That Obscure Object of Desire
Sun Jan 2-Thurs Jan 6
Clinton St. Theater
Why do I dislike Luis Buñuel? Because he was a surrealist, and I dislike surrealism because it takes all of its clues from dreams. And I hate dreams because they bother my sleep.
Nothing is worse than being subjected to a sequence of silly situations that add up to nothing. Indeed, every time I wake up from a dream I'm angry with my head: "What was the use of that dream?" I say to it. "Why was I fondling my sister's breast? Why was that dog barking at me in the dark closet? Why was I on the moon looking for my father's tombstone?" And Buñuel's films go on forever, like bad dreams. In fact, we never see the real lives of his characters, only their movements through levels and layers of dreams. This, of course, is the dream-lovers' paradise--they get to see an interesting dream, which gives them enormous pleasure, because dream-lovers believe that truth exists only in the subconscious, where it's hidden or repressed by your conscious hours. Therefore, to decode Buñuel's film-dream is to access the truth.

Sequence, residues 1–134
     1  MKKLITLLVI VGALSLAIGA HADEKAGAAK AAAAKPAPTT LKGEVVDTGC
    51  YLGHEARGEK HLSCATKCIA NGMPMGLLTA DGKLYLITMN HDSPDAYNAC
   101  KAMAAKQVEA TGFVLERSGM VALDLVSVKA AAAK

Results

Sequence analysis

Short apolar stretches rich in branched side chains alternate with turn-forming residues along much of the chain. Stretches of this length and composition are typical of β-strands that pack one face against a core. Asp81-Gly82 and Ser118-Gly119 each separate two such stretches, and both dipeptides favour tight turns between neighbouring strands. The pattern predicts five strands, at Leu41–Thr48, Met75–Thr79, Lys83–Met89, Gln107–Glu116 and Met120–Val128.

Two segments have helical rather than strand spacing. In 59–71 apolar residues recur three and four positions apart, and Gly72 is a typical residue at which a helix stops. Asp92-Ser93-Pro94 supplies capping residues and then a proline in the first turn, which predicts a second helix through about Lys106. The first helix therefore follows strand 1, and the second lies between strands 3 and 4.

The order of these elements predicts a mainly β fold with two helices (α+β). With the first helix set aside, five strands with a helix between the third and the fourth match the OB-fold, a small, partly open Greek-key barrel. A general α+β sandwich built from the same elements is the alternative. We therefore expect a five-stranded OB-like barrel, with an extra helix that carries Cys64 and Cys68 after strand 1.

In That Obscure Object of Desire, Buñuel's last film, we start with an explosion, which is followed by a strange scene at a train station involving an older man (Fernando Rey) and a much younger woman (Carole Bouquet/Ángela Molina). The older man pours a bucket of water on the young woman's head. The man then enters a train and explains the reasons for his actions to a dwarf.
Many who watch Buñuel's films will find them challenging, complex, and hard to understand. But these films are not demanding--or even interesting, really--because they don't mean anything. Balloons and umbrellas in dreams don't mean anything; surrealism, Dali's horrible paintings, and Kafka's stories amount to nothing. Buñuel's films have a far worse crime to answer to than being incomprehensible or obtuse: they're simply meaningless.